Berlin in the summer of 1936 .
It would be three years before war was declared, but storm clouds were already on the horizon.
We had been flown to Germany especially, a group of nine men with diverse backgrounds, drawn
from nine countries around the world. We had been brought together as being the best in our
field, hand picked elites, excelling in what we did.
Having spent the first couple of days in hiding, learning something of the local people and their
customs, we were now rearing to go.
Action came quicker than we ever imagined. That morning we had all been issued with more
suitable clothing for the task ahead, suitable footwear and easily identifiable shirts. Now we were
in the front line, facing the challange head-on, having been isolated on a grass stretch close to the
city centre. Things had gone smoothly up until this point, but were now reaching a climax.
I could see him out of the corner of my eye, along with a small band of men in grey shirts. He was
tall and gangling with a black Hitler style moustache, making his appearance dark and menacing.
I crouched low to the ground with the other eight men, waiting, waiting for his next move. He
had a gun in his right hand and looked ready to fire it at any time. This was the moment when we
hoped that all our discipline and training over the years would pay off.
How would we react, now that we were faced with the real thing?
He raised his gun in the air. I thought of making a break for it, but this went against everything I
had learnt in training. My heart was pounding, forcing surges of adrenaline through my body.
His finger hovered for a fleeting moment and then came down hard and purposefully on the
trigger. A loud report rang out and echoed around nearby buildings. My immediate reaction was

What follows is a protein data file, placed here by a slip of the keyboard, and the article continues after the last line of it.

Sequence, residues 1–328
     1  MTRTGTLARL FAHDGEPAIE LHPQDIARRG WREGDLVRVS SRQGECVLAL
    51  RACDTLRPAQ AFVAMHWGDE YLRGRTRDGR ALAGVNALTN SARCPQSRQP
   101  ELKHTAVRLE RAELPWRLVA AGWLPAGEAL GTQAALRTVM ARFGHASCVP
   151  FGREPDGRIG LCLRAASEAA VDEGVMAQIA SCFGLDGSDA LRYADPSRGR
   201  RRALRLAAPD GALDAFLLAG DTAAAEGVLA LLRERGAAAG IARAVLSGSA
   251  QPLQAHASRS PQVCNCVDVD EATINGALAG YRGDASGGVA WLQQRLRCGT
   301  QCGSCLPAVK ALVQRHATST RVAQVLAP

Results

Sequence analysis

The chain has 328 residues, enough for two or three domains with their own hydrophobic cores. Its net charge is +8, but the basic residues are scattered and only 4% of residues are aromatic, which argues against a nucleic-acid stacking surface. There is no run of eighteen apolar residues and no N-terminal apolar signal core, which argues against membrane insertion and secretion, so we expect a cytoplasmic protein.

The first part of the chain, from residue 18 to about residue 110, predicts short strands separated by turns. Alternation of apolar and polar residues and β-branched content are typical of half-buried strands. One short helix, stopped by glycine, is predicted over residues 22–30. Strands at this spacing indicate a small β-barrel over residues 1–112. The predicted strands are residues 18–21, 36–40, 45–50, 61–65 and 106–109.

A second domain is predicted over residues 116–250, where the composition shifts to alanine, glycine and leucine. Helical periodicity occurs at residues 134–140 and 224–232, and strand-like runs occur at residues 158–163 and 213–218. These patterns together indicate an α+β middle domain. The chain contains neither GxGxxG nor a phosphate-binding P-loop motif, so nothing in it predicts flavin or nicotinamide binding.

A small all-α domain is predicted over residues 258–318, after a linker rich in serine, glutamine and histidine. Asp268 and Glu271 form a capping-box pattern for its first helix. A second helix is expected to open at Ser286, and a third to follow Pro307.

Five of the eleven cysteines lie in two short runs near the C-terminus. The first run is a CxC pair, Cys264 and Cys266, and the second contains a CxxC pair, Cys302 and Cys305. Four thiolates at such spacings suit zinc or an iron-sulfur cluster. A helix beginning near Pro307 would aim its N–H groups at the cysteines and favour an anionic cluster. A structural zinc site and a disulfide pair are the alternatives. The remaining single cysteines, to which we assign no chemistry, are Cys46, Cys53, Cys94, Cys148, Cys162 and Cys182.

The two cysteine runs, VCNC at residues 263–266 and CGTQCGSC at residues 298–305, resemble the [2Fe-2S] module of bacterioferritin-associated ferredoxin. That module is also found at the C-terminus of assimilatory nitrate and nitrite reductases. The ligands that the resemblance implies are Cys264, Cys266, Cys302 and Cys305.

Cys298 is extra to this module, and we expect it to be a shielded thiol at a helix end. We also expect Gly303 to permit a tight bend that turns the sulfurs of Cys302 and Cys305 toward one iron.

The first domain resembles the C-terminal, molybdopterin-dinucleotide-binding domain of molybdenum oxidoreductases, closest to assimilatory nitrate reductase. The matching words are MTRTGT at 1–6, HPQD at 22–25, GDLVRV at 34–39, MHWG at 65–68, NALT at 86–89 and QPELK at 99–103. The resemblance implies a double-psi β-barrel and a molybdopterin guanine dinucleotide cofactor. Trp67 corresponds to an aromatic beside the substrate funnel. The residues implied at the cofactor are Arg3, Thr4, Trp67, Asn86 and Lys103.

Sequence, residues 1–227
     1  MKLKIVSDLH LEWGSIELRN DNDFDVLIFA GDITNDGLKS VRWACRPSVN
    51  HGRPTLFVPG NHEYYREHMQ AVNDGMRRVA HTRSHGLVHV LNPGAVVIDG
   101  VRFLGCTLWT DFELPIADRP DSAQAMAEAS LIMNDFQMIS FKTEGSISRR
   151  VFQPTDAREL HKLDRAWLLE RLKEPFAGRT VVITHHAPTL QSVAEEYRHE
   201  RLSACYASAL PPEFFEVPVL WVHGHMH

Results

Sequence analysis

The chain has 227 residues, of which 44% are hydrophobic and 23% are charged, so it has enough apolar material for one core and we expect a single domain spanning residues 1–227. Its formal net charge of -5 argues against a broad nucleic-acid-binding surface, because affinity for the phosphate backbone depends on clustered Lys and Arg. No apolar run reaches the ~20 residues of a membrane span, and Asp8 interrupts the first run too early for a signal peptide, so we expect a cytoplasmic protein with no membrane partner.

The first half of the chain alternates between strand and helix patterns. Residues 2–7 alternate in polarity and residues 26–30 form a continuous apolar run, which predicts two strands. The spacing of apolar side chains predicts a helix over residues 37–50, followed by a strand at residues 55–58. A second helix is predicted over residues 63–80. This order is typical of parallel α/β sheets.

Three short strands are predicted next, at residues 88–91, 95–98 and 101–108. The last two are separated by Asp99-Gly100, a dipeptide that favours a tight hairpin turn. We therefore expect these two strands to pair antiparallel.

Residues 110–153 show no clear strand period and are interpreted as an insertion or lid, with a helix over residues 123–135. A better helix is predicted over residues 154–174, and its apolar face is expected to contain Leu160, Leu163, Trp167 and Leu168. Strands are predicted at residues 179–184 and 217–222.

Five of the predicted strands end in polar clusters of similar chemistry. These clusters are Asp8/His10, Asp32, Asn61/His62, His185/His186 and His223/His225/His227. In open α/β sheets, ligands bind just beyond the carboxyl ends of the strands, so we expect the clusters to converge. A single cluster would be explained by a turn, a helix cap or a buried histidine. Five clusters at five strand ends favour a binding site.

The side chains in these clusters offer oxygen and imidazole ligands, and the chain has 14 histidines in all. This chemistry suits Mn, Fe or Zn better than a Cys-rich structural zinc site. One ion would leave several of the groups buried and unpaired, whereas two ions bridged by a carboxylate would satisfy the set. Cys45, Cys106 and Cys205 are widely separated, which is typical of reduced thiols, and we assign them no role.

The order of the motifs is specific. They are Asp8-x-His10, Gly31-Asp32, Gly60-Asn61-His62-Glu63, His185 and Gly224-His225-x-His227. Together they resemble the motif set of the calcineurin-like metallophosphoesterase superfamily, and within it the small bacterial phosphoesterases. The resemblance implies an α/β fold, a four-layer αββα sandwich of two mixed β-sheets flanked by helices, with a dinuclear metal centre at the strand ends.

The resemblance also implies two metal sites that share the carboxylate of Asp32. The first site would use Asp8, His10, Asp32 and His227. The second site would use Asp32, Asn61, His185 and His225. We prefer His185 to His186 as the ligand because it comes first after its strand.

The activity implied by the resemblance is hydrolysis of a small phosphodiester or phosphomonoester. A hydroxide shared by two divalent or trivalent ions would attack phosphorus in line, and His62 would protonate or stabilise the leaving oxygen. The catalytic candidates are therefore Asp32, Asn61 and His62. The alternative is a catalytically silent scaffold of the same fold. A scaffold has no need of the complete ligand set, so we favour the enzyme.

to get away as fast as I could. Like a scolded cat I ran for it, hoping, praying, that I hadn’t done
anything to cause him to glance at me and fire again.
In those first few seconds my only thought was to eat up distance between myself and the
gunman. Then my mind flitted randomly through the preceding years that had brought me here.
Because of snortings and heavy breathing I knew there were others around me, but strangely I
couldn’t see them. They, like me, had put themselves though hardships, deprivation, and in some
cases even persecution, to get this close to the glory that might follow.
My body was drained of energy although I had run less than a quarter of a mile. I seemed to be
out on my own, but knew I couldn’t make it much further.
I could hear footsteps behind me. Then a loud crack and a seering pain in my right calf. My
whole leg began to tighten. My training had equiped me for this type of situation, but I grit my
teeth in determination.The footsteps were wearing me down, rapidly closing in. In desperation I
made one last superhuman effort and flung myself forward to the ground, hitting my head and
grazing my arms and knees on the cinders.
I lay there, my chest heaving, trying to increase the oxygen supply to my lungs. I heard the
sounds of joyful voices approaching. I brushed cinders from my face and looked up.
It was my father, uncharacteristically animated, beaming like a Cheshire cat.
“Well done lad, mother and I are proud of you. It looks as though you have broken the record by a
good two seconds”
“ Thanks Dad ” I puffed. “Curiously, for a while down there at the start, I almost felt as though I
was having to overcome the tryrany and oppression of the world”.
Resting on my father’s shoulder, letting him take the burden of my aching limbs, I limped off the
track, to the rousing sound of the voices of faceless spectators that had watched the race from the
stands and sidelines. I smiled at my Dad.
“You know Dad, I did a lot of this for you” My father looked me squarely in the face.
“ Yes son, isn’t that just what our true father in heaven wants from all of us. The race of our
lives, run from start to finish, in victory, over all the evils of this world..
1 Corinthians 9 24 -26
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